by HELEN LUXFORD
We’ve all been disappointed in life – by people or by when circumstances didn’t go our way. We’ve all disappointed people – in either big or small ways. It seemed to be unavoidable and perhaps even more prevalent now with a mantra of “looking after yourself first – no one else will” being espoused. We’ve certainly had what feels like more than our fair share of disappointment – people promising one thing and doing another, people complaining when you did your best.
How do we pick ourselves up all the time? There are secular concepts of the growth mindset, thinking positively, the list goes on. As Christians, we turn to prayer and live in hope and faith and love. We are called to forgive. This includes forgiving ourselves. Forgiveness, as we all know, is far easier said than done. It seems much easier to hold onto transgressions by others. Often though, we hold on to them long after they occurred and potentially long after the offender has forgotten about it.
I have just recently had the experience, during lockdown, of remembering how very disappointed I was over a couple of things that hadn’t happened. Only to then find that, with the coronavirus and lockdown, that it was an absolute blessing that these issues had worked out the way they had. I know many people have been caught out financially or with trips that have been cancelled, or with medical/surgical/treatment delays. The disruption is immense. Not all of it is positive. Some of it is very frustrating. For us, we have seen both sides of this coin. I am trying to focus on the couple of positive wins for us this lockdown.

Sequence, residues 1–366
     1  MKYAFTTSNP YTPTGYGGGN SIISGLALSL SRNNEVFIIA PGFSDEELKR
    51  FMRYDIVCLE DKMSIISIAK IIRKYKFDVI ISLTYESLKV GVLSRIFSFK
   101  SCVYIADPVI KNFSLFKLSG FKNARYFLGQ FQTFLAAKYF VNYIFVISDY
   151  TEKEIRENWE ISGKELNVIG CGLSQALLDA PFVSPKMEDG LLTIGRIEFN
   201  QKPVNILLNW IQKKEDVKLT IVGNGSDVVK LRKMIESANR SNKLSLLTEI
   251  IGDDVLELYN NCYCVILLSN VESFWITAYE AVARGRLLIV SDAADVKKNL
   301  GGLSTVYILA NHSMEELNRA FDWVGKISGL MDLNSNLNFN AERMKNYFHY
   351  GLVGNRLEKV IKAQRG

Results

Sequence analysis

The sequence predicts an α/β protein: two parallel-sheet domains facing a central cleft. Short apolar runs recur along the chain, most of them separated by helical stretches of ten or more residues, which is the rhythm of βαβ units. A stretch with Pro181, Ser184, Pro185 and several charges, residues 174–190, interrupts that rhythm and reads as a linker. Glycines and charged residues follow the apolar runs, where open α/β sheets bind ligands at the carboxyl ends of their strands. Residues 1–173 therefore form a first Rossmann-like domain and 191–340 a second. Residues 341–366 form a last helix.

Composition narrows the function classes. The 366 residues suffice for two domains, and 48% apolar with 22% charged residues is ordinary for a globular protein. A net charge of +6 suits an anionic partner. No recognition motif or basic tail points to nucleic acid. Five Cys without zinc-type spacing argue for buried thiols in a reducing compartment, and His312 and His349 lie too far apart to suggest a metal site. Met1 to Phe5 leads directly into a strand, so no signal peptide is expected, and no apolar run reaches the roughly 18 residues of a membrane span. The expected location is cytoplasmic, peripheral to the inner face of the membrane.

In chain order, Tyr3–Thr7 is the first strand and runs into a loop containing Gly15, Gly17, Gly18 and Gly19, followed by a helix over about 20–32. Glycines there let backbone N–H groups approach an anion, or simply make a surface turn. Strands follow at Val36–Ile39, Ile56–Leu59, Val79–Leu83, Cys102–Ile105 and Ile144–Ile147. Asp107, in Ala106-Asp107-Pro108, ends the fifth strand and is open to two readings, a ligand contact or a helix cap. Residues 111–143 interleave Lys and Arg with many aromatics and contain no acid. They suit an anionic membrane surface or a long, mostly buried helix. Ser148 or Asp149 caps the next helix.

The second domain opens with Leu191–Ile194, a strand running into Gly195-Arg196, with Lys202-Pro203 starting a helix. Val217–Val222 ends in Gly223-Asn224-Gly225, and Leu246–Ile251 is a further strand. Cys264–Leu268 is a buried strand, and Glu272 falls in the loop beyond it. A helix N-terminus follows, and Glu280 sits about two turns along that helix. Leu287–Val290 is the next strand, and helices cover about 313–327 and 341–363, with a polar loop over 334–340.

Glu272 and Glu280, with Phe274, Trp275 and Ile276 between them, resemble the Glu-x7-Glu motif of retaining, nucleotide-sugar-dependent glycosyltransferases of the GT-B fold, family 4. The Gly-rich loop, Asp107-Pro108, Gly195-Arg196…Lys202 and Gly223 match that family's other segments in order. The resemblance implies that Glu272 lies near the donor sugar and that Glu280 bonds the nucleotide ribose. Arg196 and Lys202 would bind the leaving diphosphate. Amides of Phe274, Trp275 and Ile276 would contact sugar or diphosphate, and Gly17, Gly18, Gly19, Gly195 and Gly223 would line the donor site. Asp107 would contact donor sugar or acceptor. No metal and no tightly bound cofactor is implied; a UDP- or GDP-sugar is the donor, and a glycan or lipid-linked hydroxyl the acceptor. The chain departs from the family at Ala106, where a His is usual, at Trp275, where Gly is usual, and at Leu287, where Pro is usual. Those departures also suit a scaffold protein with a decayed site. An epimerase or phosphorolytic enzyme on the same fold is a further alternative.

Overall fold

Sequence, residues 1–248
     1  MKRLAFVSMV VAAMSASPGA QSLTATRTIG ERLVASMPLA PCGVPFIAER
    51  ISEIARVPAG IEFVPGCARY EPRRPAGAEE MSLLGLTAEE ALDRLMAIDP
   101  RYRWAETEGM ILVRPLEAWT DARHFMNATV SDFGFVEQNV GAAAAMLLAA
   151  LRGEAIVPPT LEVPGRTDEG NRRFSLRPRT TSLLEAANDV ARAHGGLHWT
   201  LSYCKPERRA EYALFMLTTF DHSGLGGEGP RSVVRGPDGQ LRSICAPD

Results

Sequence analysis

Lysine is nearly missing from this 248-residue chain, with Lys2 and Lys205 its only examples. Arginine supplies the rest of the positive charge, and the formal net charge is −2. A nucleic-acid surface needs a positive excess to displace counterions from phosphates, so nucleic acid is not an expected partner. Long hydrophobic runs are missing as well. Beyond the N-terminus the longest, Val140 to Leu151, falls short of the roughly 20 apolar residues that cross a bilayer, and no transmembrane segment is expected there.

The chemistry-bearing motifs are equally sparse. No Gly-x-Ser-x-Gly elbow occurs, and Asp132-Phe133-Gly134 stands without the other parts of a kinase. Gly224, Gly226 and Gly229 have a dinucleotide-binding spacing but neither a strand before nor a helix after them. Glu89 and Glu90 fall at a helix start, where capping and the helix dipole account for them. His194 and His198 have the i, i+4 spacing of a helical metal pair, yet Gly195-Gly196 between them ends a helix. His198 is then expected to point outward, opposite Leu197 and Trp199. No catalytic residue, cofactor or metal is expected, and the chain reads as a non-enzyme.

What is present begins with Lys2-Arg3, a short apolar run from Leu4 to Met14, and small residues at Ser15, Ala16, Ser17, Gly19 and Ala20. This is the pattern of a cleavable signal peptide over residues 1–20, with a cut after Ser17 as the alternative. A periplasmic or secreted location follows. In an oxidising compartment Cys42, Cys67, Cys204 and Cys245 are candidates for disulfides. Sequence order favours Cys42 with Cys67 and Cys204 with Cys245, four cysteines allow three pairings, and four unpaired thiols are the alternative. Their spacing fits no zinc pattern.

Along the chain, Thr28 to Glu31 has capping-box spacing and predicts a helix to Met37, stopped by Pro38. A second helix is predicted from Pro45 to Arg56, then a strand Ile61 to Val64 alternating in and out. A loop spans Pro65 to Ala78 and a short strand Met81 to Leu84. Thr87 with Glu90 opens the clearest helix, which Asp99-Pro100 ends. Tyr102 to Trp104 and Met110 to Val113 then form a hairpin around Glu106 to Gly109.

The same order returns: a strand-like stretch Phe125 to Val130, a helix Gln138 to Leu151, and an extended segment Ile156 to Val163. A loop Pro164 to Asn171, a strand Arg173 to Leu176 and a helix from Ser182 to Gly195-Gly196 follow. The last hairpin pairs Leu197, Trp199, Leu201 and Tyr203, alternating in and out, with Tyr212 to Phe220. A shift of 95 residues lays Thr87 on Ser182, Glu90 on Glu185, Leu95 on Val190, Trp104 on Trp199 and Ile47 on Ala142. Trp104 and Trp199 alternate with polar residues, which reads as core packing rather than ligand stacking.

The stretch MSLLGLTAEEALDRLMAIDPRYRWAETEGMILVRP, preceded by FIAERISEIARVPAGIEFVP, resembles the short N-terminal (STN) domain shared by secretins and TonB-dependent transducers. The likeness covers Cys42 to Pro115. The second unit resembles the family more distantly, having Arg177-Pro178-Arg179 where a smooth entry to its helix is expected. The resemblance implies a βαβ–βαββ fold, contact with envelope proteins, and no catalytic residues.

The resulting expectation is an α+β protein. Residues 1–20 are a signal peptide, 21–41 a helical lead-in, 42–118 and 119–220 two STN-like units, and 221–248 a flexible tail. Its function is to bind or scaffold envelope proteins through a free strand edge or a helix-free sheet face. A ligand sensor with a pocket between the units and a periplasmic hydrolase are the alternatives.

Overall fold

Fear and anxiety have wrapped around us with the coronavirus pandemic. It’s being used to excuse all sorts of transgressions. I am very disappointed in the overreach by our Government granting powers to the police to enter private property without warrants. At a time when we have fewer than 80 active cases in the country this seems unwarranted to me. I am strongly disappointed in the continued discrimination by our Prime Minister and Government singling out religious worship as not being able to gather more than 10 worshippers. Restaurants are having up to 10 groups of 10 to a maximum of 100. We too can keep safe social distancing and practise hygiene to do the same. The reasons behind this decision are soft and inconsistent. Schools, for example, are places of social activity, so denying religious groups the right to worship safely is entirely inconsistent. It is a breach of our freedom of religion.
Balancing the needs of everyone is hard. We in New Zealand have gone along with a lockdown to help protect the vulnerable in our community. This quite different to the egocentric attitude of people, for example, in the US. Their individual civil liberties and freedom seem paramount and outweigh their desire to work together to protect others. There is a balance to be had. The cost of keeping us all healthy and away from each other and therefore stopping the spread of coronavirus comes at an economic cost; other health costs, particularly with increased mental health issues – from my anecdotal experience – fewer outpatient clinics and delayed elective surgeries. We need to pray for our leaders that they can make balanced and fair and equitable decisions in this time.
We need to support each other to not be overcome with fear, anxiety, disappointment. Hold on to our faith with prayer. Write to your MP and the Prime Minister to encourage a return to Mass. As I write this column, we can have Masses of nine plus a priest. We were so blessed to have a home Mass on a recent weekend. Support your priest and empower them. We need our faith more than ever at this time to get us all through.
John 10:10; “The thief comes only to steal and kill and destroy. I came that they may have life and have it abundantly.”
(This column was written before the announcement by the Prime Minister on May 25).
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